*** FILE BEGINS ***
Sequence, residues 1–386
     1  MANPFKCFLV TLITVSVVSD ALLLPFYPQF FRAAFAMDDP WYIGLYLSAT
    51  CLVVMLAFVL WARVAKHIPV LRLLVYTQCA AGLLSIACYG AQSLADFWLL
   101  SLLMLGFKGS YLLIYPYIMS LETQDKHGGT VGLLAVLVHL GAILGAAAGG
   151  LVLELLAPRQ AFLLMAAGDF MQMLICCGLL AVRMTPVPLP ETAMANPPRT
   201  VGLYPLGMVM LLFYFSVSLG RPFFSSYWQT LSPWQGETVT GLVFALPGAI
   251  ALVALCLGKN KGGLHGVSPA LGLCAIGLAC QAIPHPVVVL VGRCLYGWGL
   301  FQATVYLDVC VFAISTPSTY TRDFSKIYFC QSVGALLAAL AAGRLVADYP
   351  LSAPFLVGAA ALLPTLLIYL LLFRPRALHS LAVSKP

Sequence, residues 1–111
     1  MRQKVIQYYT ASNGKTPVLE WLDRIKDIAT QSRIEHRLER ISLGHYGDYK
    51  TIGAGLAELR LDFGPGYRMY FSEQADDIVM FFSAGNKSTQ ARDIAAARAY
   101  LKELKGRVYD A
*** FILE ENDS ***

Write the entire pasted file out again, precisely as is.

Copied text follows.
Sequence, residues 1–386
     1  MANPFKCFLV TLITVSVVSD ALLLPFYPQF FRAAFAMDDP WYIGLYLSAT
    51  CLVVMLAFVL WARVAKHIPV LRLLVYTQCA AGLLSIACYG AQSLADFWLL
   101  SLLMLGFKGS YLLIYPYIMS LETQDKHGGT VGLLAVLVHL GAILGAAAGG
   151  LVLELLAPRQ AFLLMAAGDF MQMLICCGLL AVRMTPVPLP ETAMANPPRT
   201  VGLYPLGMVM LLFYFSVSLG RPFFSSYWQT LSPWQGETVT GLVFALPGAI
   251  ALVALCLGKN KGGLHGVSPA LGLCAIGLAC QAIPHPVVVL VGRCLYGWGL
   301  FQATVYLDVC VFAISTPSTY TRDFSKIYFC QSVGALLAAL AAGRLVADYP
   351  LSAPFLVGAA ALLPTLLIYL LLFRPRALHS LAVSKP

Sequence, residues 1–111
     1  MRQKVIQYYT ASNGKTPVLE WLDRIKDIAT QSRIEHRLER ISLGHYGDYK
    51  TIGAGLAELR LDFGPGYRMY FSEQADDIVM FFSAGNKSTQ ARDIAAARAY
   101  LKELKGRVYD A